The Rolls-Royce of rally jackets
Just once in a while you come across a really top-class, conscientiously-made product, like those Bardic electric torches I used to recommend because, with their rotary, bonded-rubber switches, etc., they never went wrong. They were made in Southampton; mine are still as good as new, and I hope they are still available.
I was reminded of this by the Functional weatherproof clothing, as used by Chris Bonington’s Annapurna South Face expedition, Esso tanker-men, the BBC, gas-meter readers and others exposed to exceptional cold and wet, which Derek Doff, Functional’s London Manager, had demonstrated to me at the Motor Sport offices the other day. As our premises comply with the office heating requirements, they were not at all a good place wherein to assess the effectiveness of this Rolls-Royce of protective clothing, which embodies a great many clever ideas, a great many high-quality materials, including Dunloprufe waterproof Bri-Nylon, Dunlopreme foam and Borg deep-pile fabric, and has been evolved form long practical experience. Indeed, I began to feel uncomfortably hot just contemplating wearing the apparel at the top of a freezing mountain in mid-winter, or perched on a Brighton Run veteran on a pouring wet Sunday.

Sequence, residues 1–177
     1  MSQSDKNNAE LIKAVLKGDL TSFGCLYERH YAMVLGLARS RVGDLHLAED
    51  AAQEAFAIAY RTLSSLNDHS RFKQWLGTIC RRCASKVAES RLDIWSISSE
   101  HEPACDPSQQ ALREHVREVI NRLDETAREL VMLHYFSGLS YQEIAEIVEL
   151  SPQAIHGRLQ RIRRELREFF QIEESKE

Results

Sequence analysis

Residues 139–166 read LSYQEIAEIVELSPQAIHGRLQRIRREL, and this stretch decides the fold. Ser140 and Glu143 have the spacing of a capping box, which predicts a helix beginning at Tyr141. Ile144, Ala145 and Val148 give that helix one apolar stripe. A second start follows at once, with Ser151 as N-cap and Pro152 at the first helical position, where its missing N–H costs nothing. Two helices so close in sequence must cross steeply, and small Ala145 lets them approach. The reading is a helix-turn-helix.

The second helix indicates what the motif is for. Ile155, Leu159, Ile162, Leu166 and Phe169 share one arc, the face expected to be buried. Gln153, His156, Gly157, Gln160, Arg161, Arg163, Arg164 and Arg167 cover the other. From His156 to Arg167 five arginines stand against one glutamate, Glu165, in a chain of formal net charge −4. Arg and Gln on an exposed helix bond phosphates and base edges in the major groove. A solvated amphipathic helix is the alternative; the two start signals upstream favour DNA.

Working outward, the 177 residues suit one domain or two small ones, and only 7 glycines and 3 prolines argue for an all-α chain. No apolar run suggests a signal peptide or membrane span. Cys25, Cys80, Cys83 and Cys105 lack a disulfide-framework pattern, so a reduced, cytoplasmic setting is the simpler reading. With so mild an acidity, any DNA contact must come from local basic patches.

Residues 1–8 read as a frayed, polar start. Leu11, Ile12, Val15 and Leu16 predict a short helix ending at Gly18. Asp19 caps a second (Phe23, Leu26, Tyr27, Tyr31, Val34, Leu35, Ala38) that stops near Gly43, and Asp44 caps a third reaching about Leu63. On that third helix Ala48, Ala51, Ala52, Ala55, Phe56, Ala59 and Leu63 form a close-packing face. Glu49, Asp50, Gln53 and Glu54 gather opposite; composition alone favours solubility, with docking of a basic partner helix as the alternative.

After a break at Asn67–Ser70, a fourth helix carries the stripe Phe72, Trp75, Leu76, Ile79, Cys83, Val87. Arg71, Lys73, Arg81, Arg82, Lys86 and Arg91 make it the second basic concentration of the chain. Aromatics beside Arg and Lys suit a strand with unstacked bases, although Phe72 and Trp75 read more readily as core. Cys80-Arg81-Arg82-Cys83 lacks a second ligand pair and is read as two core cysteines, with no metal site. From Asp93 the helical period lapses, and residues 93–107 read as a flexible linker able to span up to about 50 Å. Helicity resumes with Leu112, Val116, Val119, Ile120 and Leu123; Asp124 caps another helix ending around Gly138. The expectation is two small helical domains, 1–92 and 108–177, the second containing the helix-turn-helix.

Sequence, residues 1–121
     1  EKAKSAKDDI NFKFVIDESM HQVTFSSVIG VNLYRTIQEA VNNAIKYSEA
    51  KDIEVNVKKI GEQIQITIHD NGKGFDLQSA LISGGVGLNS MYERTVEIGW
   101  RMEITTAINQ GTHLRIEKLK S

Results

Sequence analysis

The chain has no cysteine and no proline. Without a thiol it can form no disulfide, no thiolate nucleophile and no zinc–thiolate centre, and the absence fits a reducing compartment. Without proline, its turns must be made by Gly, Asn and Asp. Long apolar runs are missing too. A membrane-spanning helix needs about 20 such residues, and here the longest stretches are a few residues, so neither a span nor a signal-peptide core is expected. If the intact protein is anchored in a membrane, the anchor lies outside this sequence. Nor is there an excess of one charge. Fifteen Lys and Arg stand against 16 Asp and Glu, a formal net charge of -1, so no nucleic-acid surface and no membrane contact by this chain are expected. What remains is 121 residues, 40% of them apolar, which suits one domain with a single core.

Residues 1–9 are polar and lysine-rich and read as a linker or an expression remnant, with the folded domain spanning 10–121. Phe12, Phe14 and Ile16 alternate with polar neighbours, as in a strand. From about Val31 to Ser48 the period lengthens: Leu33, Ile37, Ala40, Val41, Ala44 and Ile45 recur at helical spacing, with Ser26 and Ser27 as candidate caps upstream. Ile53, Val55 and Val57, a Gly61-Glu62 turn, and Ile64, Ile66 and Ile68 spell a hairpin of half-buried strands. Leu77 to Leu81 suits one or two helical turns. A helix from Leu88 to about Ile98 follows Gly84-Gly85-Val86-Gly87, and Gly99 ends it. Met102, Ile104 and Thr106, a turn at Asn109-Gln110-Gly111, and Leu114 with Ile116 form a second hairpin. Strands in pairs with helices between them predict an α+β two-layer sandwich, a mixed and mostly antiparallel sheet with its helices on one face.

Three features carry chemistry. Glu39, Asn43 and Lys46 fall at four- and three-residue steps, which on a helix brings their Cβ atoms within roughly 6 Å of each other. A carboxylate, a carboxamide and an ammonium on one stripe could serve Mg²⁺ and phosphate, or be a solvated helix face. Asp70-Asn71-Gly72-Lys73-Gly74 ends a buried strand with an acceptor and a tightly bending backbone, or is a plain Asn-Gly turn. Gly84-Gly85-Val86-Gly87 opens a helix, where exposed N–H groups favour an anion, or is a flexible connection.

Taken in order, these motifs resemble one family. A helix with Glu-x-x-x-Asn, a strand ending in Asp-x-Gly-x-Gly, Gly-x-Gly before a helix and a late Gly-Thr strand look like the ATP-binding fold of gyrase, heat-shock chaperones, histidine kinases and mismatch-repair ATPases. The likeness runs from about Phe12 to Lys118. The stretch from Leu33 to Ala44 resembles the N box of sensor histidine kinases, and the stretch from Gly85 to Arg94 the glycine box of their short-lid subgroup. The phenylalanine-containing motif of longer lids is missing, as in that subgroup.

I have no Functional (with a capital “F” that is) clothing of my own (what—with the complete rally kit costing some £25? And somehow I don’t think their 3 oz. stain-lined waterproof trilby with cotton-poplin sweat band is quite me, so perhaps I will go on wearing that ancient flying helmet), but our intrepid photographers swear by, but not at, this best of rally jackets or marshals’ clothing; and our Production Manager at his only when the coat flap flies open as he sits down. So this Dunlop-based Rolls-Royce of bad weather, keep-warm clothing is clearly the best possible for outdoor work and play. If you will just slip (on the ice?) into Functional’s London place (9, Alfred Place, off Tottenham Court Road, between Store Street and Chenies Street, W1) or contact them at 20, Chepstow Street, Manchester, you outdoor chaps will discover, if you haven’t already, lots of things which should comfort you for a long time in the worst of the weather.—W. B.